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August 30, 2021 • read
Four things to look out for on your next outdoor trip
As you rush to soak up the dog days of summer, it’s normal to want to pack in as much fun as possible, and outdoor excursions are high on everyone’s list. But without safeguards, an outdoor trip can turn sour quickly. Luckily, you can take proper precautions with just a little bit of planning. Here’s what to look out for on your next outdoor trip.
Stay water smart
The joys of a cool dip on a hot day can make you lose sight of how dangerous water can be. But, there are hundreds of unintentional drowning deaths in Canada every year. Whether you’re lounging by the pool, spending the day at the beach, or jumping off the cottage dock, there are a few things to keep in mind. Even the strongest swimmer can have issues from time to time, and you never know when you might need to call your swimming buddy for help. So whether you’re an ironman competitor or a beginner, never swim alone. Just as importantly, never leave children unattended in or around water. Even a kiddie pool can prove dangerous to a little one, and drop-offs, undertows, and strong currents can happen suddenly.
Boating is another favourite Canadian pastime with the potential for trouble. Luckily, small changes can have big impacts when it comes to water safety. Wearing a life jacket on the water whether you’re in a boat, a kayak, or a seadoo is a must. And similar to drinking and driving, it’s illegal to operate a boat if you’re impaired by drugs or alcohol.
Beat back the mosquitoes
Nothing ruins a great outdoor trip faster than a swarm of bugs — especially if they’re mosquitoes. Mosquitoes often cause extra anxiety these days as they can sometimes carry West Nile virus. The good news is that while some mosquitoes do carry it, the majority don’t, and less than 1% of those who get West Nile virus develop severe symptoms.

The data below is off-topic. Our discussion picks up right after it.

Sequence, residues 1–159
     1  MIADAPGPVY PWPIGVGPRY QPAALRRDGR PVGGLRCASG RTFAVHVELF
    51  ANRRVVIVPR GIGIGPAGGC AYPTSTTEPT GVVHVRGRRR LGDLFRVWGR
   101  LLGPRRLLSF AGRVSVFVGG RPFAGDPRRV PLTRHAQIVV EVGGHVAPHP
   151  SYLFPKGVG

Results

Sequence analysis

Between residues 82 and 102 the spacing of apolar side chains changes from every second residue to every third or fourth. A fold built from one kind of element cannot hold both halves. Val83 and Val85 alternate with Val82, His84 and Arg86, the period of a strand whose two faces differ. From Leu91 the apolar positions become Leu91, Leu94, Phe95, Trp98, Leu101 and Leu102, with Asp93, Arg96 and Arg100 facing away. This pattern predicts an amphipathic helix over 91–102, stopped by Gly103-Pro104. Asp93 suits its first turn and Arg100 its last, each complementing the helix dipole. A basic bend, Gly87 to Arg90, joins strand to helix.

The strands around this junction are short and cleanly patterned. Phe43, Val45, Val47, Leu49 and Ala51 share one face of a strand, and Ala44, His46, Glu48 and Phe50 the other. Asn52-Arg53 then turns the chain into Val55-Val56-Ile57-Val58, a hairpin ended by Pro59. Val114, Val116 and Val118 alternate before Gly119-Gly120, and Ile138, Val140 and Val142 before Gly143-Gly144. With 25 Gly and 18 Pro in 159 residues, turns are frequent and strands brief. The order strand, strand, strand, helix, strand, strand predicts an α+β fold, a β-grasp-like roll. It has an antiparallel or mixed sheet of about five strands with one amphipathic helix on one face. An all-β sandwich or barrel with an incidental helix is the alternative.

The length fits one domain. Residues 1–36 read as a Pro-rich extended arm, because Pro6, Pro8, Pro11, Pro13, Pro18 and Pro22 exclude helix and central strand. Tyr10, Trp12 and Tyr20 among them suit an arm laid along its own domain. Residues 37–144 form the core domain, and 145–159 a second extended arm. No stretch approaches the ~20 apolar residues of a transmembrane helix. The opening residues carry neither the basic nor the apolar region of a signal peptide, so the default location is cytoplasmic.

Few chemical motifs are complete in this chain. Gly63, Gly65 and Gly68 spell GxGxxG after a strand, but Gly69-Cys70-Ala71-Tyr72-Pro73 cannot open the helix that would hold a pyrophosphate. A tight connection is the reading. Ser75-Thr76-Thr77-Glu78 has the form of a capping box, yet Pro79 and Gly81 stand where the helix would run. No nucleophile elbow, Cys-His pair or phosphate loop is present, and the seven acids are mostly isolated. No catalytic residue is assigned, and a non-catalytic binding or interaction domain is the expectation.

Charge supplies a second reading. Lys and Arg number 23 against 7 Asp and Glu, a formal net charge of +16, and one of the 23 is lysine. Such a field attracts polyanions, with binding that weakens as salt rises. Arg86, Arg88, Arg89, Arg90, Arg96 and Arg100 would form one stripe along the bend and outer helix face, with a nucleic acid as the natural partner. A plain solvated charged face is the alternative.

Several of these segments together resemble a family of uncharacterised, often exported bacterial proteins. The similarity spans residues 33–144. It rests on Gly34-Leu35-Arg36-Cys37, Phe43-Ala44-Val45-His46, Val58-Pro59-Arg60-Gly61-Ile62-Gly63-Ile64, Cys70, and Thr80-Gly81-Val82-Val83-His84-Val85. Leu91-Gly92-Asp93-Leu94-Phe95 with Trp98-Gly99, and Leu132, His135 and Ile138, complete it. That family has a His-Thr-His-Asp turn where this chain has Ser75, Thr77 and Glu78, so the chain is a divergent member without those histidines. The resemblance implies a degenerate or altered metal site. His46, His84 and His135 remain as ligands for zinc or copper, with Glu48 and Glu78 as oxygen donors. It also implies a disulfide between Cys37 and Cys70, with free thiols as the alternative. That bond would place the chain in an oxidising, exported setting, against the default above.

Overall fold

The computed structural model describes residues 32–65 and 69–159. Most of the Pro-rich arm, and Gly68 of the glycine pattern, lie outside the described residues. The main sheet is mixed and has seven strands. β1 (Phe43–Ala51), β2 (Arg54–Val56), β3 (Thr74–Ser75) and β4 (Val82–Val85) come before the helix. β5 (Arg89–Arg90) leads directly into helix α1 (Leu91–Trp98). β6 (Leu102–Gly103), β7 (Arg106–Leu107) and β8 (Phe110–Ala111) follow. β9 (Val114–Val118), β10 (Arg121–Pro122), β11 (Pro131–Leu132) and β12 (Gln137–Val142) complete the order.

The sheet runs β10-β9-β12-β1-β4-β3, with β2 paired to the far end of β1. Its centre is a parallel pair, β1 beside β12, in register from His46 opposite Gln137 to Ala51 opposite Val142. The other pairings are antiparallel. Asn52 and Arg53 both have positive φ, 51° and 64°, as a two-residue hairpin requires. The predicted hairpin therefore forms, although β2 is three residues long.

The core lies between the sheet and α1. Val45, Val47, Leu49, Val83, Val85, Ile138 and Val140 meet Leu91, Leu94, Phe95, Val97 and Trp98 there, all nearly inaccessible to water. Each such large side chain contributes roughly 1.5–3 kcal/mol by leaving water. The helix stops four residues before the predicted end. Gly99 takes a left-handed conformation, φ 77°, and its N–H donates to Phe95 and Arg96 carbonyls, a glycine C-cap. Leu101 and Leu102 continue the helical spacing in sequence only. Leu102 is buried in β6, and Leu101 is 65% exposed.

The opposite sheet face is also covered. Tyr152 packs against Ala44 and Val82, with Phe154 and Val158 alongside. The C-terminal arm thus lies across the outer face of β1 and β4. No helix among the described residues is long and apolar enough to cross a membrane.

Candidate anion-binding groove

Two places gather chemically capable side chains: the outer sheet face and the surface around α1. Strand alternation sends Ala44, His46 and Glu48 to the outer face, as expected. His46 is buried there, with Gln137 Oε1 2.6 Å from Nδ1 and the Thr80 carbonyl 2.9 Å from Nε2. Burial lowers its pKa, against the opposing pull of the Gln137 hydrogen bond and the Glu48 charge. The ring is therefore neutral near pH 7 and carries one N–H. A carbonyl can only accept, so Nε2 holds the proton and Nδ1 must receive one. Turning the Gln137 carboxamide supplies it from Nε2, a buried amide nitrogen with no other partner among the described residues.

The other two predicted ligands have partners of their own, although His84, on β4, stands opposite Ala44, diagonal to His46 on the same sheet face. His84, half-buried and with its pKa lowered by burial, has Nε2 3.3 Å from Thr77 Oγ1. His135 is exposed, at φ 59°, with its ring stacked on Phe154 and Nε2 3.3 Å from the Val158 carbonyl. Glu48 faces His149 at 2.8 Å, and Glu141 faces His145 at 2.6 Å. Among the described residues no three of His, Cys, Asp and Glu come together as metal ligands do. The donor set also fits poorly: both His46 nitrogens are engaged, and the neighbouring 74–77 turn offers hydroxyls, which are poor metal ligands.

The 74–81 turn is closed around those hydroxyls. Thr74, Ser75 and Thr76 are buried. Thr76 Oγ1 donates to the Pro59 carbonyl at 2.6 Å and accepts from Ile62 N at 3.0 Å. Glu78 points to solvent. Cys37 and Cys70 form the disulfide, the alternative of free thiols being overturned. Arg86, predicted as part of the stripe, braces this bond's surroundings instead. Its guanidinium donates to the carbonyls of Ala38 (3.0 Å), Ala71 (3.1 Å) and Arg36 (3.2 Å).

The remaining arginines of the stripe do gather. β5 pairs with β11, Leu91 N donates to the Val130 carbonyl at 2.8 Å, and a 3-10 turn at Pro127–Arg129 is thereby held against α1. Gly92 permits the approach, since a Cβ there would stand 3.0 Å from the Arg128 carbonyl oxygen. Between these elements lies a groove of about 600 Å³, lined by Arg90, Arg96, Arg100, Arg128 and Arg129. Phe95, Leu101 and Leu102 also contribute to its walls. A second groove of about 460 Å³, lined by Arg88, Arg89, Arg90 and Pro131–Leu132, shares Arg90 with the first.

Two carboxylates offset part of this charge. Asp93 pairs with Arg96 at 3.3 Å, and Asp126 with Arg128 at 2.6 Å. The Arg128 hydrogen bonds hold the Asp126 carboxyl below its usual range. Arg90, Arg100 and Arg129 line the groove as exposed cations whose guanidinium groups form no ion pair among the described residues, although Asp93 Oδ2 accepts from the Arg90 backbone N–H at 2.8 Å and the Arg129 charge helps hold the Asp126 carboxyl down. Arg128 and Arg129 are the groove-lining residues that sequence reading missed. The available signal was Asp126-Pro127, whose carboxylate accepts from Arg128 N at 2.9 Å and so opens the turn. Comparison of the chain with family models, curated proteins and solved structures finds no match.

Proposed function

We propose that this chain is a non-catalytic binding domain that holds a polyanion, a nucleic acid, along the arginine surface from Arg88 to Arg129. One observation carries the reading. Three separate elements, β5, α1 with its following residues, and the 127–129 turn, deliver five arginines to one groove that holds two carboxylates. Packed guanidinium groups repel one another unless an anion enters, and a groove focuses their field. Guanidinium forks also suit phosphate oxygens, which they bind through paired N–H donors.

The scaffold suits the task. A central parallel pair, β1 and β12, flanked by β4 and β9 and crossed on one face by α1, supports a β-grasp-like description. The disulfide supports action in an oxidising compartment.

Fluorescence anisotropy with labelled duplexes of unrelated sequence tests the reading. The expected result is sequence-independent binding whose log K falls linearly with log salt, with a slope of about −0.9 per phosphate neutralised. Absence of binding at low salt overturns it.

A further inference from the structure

Whether you’re worried about West Nile virus or not, however, no one likes to get bitten. You’re not going to be able to stop every mosquito bite, but with a couple of tricks, you can minimize the number you get. Wear loose-fitting clothing with a tight weave like nylon or polyester, and don’t scrimp on the bug repellent. For mosquitoes, you’ll want to choose one with icaridin or DEET — remember to check the label before spraying children though, as not all products are safe for all ages.
While the occasional mosquito bite isn’t usually an issue, many people feel more squeamish about ticks. Ticks are becoming more common in many parts of the country, and can often carry Lyme disease — a potentially serious infection. Ticks like to hang out along the edges of trails or in wooded areas where they can hop off onto an unsuspecting meal. To avoid becoming their dinner, wear long sleeves and tuck your pants into your socks. You’ll likely want to add an insect repellent as well if you’ll be spending time in a known tick area. Once home, you should check yourself and any loved ones thoroughly. Ticks often end up in hidden areas like the scalp or behind the ears. They can also hitch a ride on clothing and bite you once you’re home. To kill any unwanted hitchhikers, you can throw your hiking gear in the dryer for 10 minutes.
If you do find an attached tick, pull it out with tweezers or a specialized tick remover without twisting or crushing it. Any flu-like symptoms, rash, or joint pain following a tick bite should be discussed with a doctor immediately.
Pack smart for food safety
Packing a meal is a must for most excursions, but storing your picnic requires as much thought as planning the menu. Bacteria grow quicker in the heat, making food poisoning a greater risk once the weather warms up. Perishables can go bad pretty quickly in a hot knapsack. If your food changes colour or texture, or develops a new smell, it’s time to throw it out.
During the summer, Health Canada recommends that you leave food out at room temperature for less than an hour. Between 4℃ and 60℃ is considered the danger zone, and harmful bacteria can colonize your tuna sandwich in as little as two hours. Even if your food seems normal, if it has been out that long in that temperature range, it’s better to toss it than to chance it. You can’t always smell or even taste when food is unsafe. If you’re packing a picnic and know you’ll be out for most of the day, load it into an insulated bag or cooler, and don’t cut back on the ice packs. You’ll also want to prevent cross-contamination by sealing items separately in individual containers – nothing’s worse than a lovely summer salad marinated in raw burger juice. Finally, practice proper hand sanitation before you dig in. If you know you won’t have access to running water and soap for hand washing, be sure to bring along some hand sanitizer.
Getting outside is one of the great joys of summer — plus, it’s good for your health. Make sure it stays that way by planning ahead. With some small modifications, your next outdoor trip can be fun as well as safe.